Managing your recovery is critical to anyone who wants to take their running performance to the next level.  What do you do to bounce back between runs?

Four game-changing superfoods you should try this weekend

The more you focus on being fit and improving your performance, the more you start to pick up on how certain foods make you feel.  The good stuff tastes better and makes you feel like a million bucks.  The bad stuff drags you down and makes you feel like somebody put sugar in your gas tank.  Either way, the point is that being in tune with your body means giving it the right fuel.

Here are four game-changing superfoods that can help you take your performance to a whole new level.

Cruciferous vegetables.  Yesterday we posted on our Facebook wall an article from WebMD about the impressive benefits of cruciferous vegetables (a fancy term for veggies in the cabbage family — think broccoli, cauliflower, Brussels sprouts, and, you know…cabbage).  It’s definitely worth clicking through for the full article but basically eating cruciferous vegetables is a great way to cut your risk of cancer and take in a ton of  vitamin A, vitamin C, and folic acid.

How to make it happen?  As a general rule, the less you cook veggies like these, the better they’ll be.  Mushy broccoli can turn your stomach, but the stuff looks a lot more appealing when it’s next to some (also awesome) cauliflower and celery on a veggie tray.  Cook sparingly or try them raw to get your daily fill.     

Antioxidants.  Your body uses antioxidants to help you recover — whether that’s from a long hard run or from an injury or illness.  As this post from The Running Bug points out, you don’t need to overdo it with antioxidants (especially in the form of supplements), but it is good to work them into your daily diet as a runner.

How to make it happen?  Grapes, berries, and nuts are all antioxidant-rich foods that can be easily worked into your day, one snack baggie at a time.  Reach for these instead of junkier foods when you are looking to kill a little hunger between meals and feel the benefits after your next hard workout.

Chia seeds.  When Fitbie published their list of superfoods for endurance runners, chia seeds made the cut.  A tough-to-beat combination of carbs, protein, fiber, and omega-3s make chia seeds an optimal food for runners.  It’s a shame that most of us know them best for growing hilarious green hair on ceramic heads (ch-ch-ch-chia!).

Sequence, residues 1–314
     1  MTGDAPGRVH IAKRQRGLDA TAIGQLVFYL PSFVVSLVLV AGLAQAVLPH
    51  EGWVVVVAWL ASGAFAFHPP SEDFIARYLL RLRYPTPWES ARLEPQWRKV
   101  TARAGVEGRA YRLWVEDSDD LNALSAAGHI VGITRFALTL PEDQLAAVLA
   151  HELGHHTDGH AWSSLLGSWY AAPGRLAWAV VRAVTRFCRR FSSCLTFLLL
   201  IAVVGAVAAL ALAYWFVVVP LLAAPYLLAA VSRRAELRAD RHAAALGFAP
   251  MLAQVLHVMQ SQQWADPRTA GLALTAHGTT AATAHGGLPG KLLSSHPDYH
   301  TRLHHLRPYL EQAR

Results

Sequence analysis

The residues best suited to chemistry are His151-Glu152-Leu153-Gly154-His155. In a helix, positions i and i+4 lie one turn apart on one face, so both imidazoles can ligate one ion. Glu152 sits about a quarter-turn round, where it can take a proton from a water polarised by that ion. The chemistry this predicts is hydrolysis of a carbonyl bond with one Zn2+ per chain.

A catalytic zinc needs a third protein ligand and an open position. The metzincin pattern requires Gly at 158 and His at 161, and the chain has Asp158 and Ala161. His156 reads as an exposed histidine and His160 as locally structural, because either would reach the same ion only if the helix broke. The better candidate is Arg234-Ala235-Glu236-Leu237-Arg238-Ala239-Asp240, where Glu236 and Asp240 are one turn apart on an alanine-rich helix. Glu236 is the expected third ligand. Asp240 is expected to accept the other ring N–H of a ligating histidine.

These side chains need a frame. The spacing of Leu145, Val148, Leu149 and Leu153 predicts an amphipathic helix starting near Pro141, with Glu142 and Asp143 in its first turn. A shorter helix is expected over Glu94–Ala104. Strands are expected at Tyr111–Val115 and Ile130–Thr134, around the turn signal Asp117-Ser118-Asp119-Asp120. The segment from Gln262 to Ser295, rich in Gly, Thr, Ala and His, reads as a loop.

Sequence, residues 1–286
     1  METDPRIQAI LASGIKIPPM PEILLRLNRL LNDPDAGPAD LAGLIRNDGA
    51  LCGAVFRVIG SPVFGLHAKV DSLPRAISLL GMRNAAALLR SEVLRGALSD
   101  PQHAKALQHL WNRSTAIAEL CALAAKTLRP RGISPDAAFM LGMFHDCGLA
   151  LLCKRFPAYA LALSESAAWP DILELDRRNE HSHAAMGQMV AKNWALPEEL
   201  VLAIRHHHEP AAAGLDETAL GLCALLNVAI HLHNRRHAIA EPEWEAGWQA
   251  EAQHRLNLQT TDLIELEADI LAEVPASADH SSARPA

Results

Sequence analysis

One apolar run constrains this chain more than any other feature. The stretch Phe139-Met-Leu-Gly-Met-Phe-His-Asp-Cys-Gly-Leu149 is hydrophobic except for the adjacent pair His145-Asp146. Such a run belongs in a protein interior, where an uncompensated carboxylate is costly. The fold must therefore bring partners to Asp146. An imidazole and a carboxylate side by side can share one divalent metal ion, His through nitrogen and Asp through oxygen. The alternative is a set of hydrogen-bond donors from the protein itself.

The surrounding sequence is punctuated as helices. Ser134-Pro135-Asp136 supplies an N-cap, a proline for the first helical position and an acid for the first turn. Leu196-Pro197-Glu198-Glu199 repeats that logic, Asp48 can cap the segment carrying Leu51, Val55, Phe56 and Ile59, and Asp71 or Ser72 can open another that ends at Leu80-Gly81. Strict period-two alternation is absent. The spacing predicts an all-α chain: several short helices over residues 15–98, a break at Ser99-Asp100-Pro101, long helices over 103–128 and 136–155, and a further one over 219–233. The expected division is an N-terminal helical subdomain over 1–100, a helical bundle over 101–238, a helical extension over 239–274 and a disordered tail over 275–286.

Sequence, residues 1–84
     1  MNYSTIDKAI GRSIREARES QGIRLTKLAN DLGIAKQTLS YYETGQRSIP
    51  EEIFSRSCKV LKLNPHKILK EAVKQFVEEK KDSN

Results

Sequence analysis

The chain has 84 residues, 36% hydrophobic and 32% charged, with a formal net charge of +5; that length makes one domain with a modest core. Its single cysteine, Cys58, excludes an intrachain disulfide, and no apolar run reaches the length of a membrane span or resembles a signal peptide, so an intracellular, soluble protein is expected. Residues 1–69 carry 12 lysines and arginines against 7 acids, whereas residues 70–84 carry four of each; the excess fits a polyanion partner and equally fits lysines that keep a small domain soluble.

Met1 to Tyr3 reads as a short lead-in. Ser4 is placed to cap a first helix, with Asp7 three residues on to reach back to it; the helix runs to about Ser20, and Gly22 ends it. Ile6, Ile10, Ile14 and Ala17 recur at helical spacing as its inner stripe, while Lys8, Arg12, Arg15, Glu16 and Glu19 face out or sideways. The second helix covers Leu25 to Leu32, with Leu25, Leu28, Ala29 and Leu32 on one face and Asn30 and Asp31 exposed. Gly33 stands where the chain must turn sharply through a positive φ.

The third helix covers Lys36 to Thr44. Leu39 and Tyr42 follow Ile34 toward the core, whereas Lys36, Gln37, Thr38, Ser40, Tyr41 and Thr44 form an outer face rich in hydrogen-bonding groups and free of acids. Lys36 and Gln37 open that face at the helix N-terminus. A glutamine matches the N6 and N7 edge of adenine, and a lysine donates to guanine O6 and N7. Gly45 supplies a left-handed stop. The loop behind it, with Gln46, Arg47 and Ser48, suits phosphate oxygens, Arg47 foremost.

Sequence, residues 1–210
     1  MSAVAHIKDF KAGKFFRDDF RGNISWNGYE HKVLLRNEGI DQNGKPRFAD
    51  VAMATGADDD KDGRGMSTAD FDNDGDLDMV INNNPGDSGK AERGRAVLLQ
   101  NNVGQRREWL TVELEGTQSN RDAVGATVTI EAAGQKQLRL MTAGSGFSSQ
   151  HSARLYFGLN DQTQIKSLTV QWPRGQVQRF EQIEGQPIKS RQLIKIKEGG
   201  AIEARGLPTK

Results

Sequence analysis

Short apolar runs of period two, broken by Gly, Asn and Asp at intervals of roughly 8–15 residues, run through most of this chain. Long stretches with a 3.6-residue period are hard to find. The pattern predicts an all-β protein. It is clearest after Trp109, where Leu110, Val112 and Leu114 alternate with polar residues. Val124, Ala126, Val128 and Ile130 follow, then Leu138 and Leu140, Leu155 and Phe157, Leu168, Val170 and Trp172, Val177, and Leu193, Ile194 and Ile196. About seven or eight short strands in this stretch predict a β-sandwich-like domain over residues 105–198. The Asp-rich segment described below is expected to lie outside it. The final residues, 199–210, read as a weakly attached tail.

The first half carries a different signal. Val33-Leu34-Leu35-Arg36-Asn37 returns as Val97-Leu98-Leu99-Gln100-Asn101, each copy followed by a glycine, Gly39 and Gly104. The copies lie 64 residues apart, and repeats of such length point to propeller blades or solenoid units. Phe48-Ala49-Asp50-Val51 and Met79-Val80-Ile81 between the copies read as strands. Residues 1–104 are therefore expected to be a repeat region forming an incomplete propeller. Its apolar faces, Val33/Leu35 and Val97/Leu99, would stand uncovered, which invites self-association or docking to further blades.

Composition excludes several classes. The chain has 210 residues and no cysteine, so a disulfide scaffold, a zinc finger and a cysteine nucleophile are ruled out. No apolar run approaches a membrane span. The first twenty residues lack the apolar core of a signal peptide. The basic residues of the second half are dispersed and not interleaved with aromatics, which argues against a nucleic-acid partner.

How to make it happen?  You can toss a handful of chia seeds into pretty much anything — think stews, smoothies, cold drinks, you name it.  Mix them in and knock it back.  There isn’t a whole lot of taste, but they can really leave you feeling tremendous.

Chocolate milk.  You may have been seeing more of this lately as chocolate milk is becoming increasingly popular as a post-workout recovery drink.  This post from Fitness points out some of the benefits of cooling down after training with a glass of chocolate milk, which include rehydrating and providing a ton of carbohydrates and protein.  The bottom line is that it’s more natural than a sports drink and more substantive than water alone.

How to make it happen?  This is an easy one — it’s chocolate milk!  Unleash your inner kid and have a glass.  You probably don’t want to down a bunch immediately after working out but let yourself cool down and indulge.  For most of us, nonfat is the way to go.

We hope you saw something on this list worth trying.  You really will be amazed at how much the right fuel can impact your performance whether you’re training or just going about your day.  Let us know if you have any go-to foods that leave you feeling like you could take on the world!